East Asia Library to move to GSB in 2014 in preparation of Meyer demolition in 2015.
In honor of Halloween, The Daily takes a look at some of the spookier, gloomier and scarier moments of Stanford’s history.
The University has recently launched a series of focus groups with students to gain feedback about the state of Stanford’s student unions.
A 2008 article in the Times Higher Education supplement stated, “School libraries are suffering, and even closing, as resources are cut, staff ‘redeployed’ and the Internet deemed more important to learning than printed matter.” Such a trend, however, has not materialized at Stanford, according to Andrew Herkovic, director of communications and development for the Stanford Libraries.
This report covers a selection of incidents from April 21 through April 29 as recorded in the Stanford Department of Public Safety bulletin.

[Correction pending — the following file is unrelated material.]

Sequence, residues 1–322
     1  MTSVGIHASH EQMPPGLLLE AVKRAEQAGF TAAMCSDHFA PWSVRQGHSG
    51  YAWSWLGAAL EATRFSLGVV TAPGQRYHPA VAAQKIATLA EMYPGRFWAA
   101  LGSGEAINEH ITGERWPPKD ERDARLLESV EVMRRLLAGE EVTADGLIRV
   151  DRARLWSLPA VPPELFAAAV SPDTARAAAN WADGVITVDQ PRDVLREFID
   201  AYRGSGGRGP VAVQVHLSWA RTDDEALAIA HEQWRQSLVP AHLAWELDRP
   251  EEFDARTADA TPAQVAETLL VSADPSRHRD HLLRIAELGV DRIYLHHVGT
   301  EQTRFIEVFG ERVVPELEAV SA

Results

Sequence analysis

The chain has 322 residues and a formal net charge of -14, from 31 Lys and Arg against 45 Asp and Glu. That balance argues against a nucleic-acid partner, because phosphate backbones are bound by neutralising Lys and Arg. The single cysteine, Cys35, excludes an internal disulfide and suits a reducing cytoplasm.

Come exam time, the second floor cubbies in Green Library and the booths of Meyer are overflowing, and a bit more creativity than usual is required when choosing a place to hunker down and hammer out looming assignments. Asking a Stanford student about his or her favorite study spot can be like asking a magician to reveal his secrets, but some were willing to divulge their cherished study spaces for the greater good.
After spending two years on loan at the North Carolina Museum of Art, a cast of Auguste Rodin’s “The Thinker” is back at Stanford, according to a Cantor Arts Center press release. The one-ton, 79-inch tall sculpture will be made available for public viewing at the museum starting this Wednesday.
Decisions to demolish, retrofit or construct buildings should never be made lightly. Nevertheless, the long delays that have accompanied debate over the futures of Meyer Library and Searsville Dam have put safety and property in jeopardy. Though less glamorous than a new concert hall, eliminating the aforementioned threats must be done in a timely fashion. Stanford has been on the cutting edge of both earthquake science and earthquake preparedness for decades. Let’s keep it that way.